As it turned out I couldn’t find a cod on the day, in fact only four small ones were caught between the forty anglers taking part, but I had plenty of fish. The whiting were ever present but with some specimens going over the two pound mark they were great fun. It wouldn’t be the Bristol Channel without a lesser spotted dogfish or two and I had several thornback rays up to double figures as well as conger eels close to twenty pounds.

That’s four species to get the year started, one of which (conger) I didn’t manage last year. It seems that every year my first session turns up something I missed the previous year, and every year I seem to miss an easy target that I have always managed before. Let’s just hope that this year it all comes together and I hit the 50.


This is always a hard month for my kayak fishing and this year has been no different. Wind has been a dominant feature of the weather and that makes saltwater kayak fishing almost impossible. I had hoped to get down to the South West with some packets of Tronixpro Sabiki’s and my Hart Absolute Spin and make a sustained attack on the large shoals of herring and joey mackerel that are resident there at this time of year, but unfortunately the weather has meant this will have to wait.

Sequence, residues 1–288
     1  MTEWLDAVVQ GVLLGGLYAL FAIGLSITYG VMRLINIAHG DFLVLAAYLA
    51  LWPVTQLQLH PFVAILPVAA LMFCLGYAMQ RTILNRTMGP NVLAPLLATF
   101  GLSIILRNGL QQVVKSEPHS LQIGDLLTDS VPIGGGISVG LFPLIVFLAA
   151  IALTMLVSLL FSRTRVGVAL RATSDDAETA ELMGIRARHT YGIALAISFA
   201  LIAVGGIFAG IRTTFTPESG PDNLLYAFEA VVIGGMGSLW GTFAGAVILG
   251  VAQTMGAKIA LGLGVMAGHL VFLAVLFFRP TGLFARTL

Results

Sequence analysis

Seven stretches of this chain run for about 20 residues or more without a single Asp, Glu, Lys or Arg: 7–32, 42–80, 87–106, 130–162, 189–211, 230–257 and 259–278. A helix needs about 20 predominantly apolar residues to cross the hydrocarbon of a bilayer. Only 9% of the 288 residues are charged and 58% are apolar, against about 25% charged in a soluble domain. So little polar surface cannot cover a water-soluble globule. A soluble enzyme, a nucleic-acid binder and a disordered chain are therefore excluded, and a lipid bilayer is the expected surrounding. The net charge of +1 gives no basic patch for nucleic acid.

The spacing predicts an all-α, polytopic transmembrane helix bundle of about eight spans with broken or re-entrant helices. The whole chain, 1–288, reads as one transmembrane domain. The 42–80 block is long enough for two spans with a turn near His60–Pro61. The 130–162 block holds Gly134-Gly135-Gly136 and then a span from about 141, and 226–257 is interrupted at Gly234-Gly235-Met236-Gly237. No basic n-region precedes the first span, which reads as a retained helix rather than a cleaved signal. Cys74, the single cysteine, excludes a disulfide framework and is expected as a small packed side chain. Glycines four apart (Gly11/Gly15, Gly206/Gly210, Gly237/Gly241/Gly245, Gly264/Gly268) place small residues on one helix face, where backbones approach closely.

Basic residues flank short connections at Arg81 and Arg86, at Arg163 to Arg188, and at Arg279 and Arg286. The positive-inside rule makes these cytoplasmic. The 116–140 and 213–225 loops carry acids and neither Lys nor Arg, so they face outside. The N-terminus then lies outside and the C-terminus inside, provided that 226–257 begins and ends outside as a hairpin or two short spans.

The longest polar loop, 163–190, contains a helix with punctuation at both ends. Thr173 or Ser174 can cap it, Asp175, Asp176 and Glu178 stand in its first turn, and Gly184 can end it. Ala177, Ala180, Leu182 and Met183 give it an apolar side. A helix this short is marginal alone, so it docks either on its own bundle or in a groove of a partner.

However, one of the benefits of fishing for different and unusual species over the year is that you build up a knowledge of venues that hold one or two different species and often these can be close inshore making them accessible in most conditions. I grew up in Grimsby and fished there from an early age. Throughout my childhood all my fishing targeted half a dozen species. I now know there are at least twenty five viable target species I can target just launching from Cleethorpes beach. With fish ranging from a few ounces to well over ten pounds all within easy reach.

One of my back up venues is the end of a long groyne in Cleethorpes. It’s the first major obstruction where the tide meets as it leaves the River Humber on the ebb. This creates a strong current around the end and an eddy just inside. It is too long a cast for beach anglers to reach the turbulent water at the end, but with the kayak I can position myself anywhere I like taking advantage of both the tide and the slack. In summer it can be a great bass mark, but at this time of year it is the smaller residents I was targeting, the humble rockling and viparious blenny.